Poor Little Rich Slum by Rashmi Bansal, Deepak Gandhi
Rashmi Bansal is the queen of entrepreneurial case studies in India. She writes for the layperson. Who hopefully get inspired by these stories. And weaves his or her dreams of being an entrepreneur someday. This time in Poor Little Rich Slum her lens along with her co-author zooms in on Dharavi, right in her own backyard. Dharavi for some time has managed to keep itself in media. Through international movies depicting its poverty. Or through Slum tourism that has been gaining ground.
Authors choose to tell the stories of enterprises and people behind them, both of whom are born, brought up, nurtured and thrive here. Between stories, they also tell the story of the place as a whole. It’s beginning as a small Potter’s settlement. Whose members are now struggling to survive? They take you through its narrow and filthy lanes and gallies. Stopping at some homes, visiting some home-based businesses run by women. And some high-end businesses running within small premises. Poor settlements and NGOs co-exist, sometimes it seems for each other only. So authors visit a lot of them and talk about the work they are doing. And the changes they have been able to bring about.
If NGOs are there failed Government schemes and plans cannot be too far. Then there are people who came here for meeting their self-actualization goals. And decided to stay back and become a part of the community. If you read the business periodicals regularly, you may have read about many ventures mentioned in the book, but what authors do is bring out these stories with the voice of the entrepreneur. Be it a tailoring unit, a dance shoe making outfit or tourism ventures. Some of the individual ventures are big or mid-sized, most are small but collectively they are a formidable lot.
The key takeaways from the book for me are:
- Migrants come and live here because it is a cheap place to and it provides employment fast.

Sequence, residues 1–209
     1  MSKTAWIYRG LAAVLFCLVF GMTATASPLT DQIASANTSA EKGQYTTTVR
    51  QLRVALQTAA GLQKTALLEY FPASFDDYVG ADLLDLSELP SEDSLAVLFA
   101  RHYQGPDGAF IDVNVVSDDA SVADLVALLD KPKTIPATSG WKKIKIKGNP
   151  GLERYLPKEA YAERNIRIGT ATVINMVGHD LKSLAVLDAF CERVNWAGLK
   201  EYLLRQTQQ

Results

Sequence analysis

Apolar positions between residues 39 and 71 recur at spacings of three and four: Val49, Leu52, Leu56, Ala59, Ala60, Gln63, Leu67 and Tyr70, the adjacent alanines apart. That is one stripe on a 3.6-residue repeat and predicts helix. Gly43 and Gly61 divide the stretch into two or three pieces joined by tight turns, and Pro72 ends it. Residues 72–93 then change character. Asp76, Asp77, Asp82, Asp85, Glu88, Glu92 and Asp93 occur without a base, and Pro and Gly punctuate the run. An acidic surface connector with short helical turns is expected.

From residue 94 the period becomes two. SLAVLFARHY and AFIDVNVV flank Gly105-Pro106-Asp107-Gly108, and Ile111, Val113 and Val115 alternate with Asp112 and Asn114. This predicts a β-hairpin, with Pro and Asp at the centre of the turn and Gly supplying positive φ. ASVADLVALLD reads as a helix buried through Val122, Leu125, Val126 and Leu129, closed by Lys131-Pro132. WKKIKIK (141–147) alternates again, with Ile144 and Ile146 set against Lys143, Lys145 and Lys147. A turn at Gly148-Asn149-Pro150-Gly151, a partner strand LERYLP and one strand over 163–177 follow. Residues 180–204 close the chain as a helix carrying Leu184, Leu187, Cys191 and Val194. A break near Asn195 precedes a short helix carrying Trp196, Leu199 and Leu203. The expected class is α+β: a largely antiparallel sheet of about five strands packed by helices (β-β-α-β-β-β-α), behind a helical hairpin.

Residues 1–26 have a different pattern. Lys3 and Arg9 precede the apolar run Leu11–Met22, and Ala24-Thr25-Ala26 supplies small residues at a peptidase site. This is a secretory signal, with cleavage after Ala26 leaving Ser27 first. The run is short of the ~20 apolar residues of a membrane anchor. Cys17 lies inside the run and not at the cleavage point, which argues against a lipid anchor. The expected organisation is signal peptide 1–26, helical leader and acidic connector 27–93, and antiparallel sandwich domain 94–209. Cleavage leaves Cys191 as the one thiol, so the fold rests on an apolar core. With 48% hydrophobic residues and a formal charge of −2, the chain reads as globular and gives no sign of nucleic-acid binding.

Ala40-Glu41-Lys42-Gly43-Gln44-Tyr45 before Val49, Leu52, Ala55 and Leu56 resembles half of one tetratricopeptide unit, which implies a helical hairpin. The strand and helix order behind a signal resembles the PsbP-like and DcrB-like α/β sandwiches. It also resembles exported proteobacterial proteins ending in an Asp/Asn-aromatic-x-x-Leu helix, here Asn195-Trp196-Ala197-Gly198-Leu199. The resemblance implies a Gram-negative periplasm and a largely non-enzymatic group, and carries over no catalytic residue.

- People who have made money and can move out also choose to live here as it is a complete ecosystem in itself – They live here, work here and socialize here. The labor is obviously the cheapest here.
- An extent of your dreams is really the only limitation that you have.
- Though everyone and everything is space constrained in Dharavi, overall they are doing better for themselves than their peers in other slums because of the spirit of entrepreneurship. But the focus on cleanliness is still not there.
Some questions that pop up after reading the stories:
- Why the focus on cleanliness so low? Is it because they really do not see this as an issue or like the rest of Mumbai, who has the time to look beyond your own space?
- Sanitation levels are so bad, wonder why no NGO has worked in this area, or if they have why they have failed?
Authors have obviously chosen the success stories only, which is nice and these are the stories that need to be told, but to get a balanced view you must see the stories that failed and why they failed. After all, we learn as much from failures as we from success.
As a format, it is like a pocketbook. Small, less than thousand word stories interspersed with photographs with small sentences. Photographs I think could have been better. Stories are categorized into four sections. The cover page is very pleasing and chic in sharp contrast to the subject it deals with, looks like the futuristic impression of the slum.
Read Poor Little Rich Slum for the world that is a world in itself.
You may buy this book – Poor Little Rich Slum by Rashmi Bansal, Deepak Gandhi at Amazon.
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